Disease Markers

Disease Markers / 2010 / Article

Open Access

Volume 29 |Article ID 284041 | 7 pages | https://doi.org/10.3233/DMA-2010-0726

Platelet Markers Correlate with Glycemic Indices in Diabetic, but Not Diabetic-Myelodysplastic Patients with Normal Platelet Count

Received02 Sep 2010
Accepted02 Sep 2010

Abstract

Background: Altered thrombocyte morphology and function have been reported in patients with diabetes mellitus (DM) type 2. The aim of the present study was to determine the associations between platelet morphology markers and hemoglobin A1C (HbA1c), fasting glucose (FG), hypertension and coronary heart disease (CHD) in patients with myelodysplastic syndromes (MDS) and DM, in patients with DM and in controls.Methods: This cross-sectional study included 30 cases with primary MDS with normal platelet count and non-insulin dependent diabetes, 30 non-insulin dependent diabetic patients and 30 non-diabetic, non-MDS controls matched on age and gender. Results: After adjusting for body mass index, platelet number, CHD and hypertension, HbA1c and FG were significant predictors of mean platelet volume (MPV) and platelet distribution width (PDW) in diabetic patients. There was no correlation between platelet parameters and HbA1c or FG in diabetic MDS patients. In controls, FG and hypertension predicted significant differences in platelet morphology. Platelet count correlated with platelet morphology in diabetic MDS and control groups, but not in diabetics.Conclusions: MPV and PDW are associated with glycemic indices in diabetic patients but not in diabetic MDS patients with normal platelet counts. Non-diabetic controls also exhibit FG related changes in platelet morphology. This suggests other factors inherent to bone marrow dysplasia, platelet turnover and biochemistry, or vascular environment affect platelet morphology in diabetic MDS patients even with normal platelet count. Platelet morphology in this population may be an early marker for myelodysplasia. These findings also support platelet morphology change as a marker for elevated macrovascular disease risk.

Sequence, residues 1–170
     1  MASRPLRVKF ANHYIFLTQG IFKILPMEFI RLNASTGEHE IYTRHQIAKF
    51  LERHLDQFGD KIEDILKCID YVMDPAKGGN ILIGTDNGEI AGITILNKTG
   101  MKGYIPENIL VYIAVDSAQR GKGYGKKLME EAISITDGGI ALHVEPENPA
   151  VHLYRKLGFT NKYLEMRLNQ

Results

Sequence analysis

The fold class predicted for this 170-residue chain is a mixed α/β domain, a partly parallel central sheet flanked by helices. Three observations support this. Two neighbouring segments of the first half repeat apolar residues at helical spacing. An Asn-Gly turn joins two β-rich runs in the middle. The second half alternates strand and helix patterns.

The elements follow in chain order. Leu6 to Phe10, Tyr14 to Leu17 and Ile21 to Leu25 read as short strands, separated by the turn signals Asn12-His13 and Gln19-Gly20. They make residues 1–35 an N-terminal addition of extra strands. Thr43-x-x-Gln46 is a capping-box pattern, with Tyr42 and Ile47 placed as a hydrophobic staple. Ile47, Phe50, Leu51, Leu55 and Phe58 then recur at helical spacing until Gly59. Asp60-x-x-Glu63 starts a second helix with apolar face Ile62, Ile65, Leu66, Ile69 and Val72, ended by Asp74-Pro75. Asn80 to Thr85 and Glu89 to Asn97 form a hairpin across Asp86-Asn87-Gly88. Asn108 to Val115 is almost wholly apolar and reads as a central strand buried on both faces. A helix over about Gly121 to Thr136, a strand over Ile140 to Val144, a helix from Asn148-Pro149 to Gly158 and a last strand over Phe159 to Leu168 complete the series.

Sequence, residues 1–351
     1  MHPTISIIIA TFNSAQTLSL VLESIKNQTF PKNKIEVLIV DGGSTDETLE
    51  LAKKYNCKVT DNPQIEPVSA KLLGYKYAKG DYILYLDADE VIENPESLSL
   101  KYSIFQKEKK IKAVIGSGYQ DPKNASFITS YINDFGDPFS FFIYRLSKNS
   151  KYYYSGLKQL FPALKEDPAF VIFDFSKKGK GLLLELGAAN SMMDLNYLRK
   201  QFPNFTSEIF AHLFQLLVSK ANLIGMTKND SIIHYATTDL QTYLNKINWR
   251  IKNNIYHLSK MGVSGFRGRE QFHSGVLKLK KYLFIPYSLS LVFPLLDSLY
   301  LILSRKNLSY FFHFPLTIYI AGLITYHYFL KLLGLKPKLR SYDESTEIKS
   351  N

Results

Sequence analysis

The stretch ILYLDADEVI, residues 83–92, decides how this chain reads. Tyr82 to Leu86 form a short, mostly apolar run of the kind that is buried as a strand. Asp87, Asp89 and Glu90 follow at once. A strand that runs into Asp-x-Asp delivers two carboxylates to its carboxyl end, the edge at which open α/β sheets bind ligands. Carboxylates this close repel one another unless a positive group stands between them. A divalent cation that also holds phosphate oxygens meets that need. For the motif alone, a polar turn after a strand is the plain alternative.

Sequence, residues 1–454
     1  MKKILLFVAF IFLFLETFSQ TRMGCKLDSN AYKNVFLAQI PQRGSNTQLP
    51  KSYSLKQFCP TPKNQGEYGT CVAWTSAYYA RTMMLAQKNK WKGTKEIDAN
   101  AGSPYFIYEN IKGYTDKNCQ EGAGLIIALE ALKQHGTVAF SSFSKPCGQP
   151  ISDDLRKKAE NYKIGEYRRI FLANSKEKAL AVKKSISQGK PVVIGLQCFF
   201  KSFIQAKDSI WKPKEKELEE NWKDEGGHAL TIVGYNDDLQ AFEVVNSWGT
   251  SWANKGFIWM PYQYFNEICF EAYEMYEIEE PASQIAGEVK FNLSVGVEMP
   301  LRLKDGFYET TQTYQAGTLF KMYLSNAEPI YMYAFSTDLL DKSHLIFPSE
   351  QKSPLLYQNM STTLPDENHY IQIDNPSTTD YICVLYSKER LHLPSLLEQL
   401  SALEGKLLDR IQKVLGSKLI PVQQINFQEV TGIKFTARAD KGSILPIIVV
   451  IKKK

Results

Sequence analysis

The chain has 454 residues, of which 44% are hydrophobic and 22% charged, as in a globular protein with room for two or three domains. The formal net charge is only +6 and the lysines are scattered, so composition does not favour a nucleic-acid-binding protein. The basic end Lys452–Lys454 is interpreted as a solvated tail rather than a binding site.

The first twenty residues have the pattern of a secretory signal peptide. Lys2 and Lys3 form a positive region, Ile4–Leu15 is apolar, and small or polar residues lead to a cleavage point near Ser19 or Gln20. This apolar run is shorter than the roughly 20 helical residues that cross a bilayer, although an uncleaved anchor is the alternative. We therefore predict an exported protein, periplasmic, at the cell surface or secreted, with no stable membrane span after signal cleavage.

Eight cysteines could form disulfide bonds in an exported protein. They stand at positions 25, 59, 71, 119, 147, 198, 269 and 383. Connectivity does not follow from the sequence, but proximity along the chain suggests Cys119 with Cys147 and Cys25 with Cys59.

Copyright © 2010 Hindawi Publishing Corporation. This is an open access article distributed under the Creative Commons Attribution License, which permits unrestricted use, distribution, and reproduction in any medium, provided the original work is properly cited.

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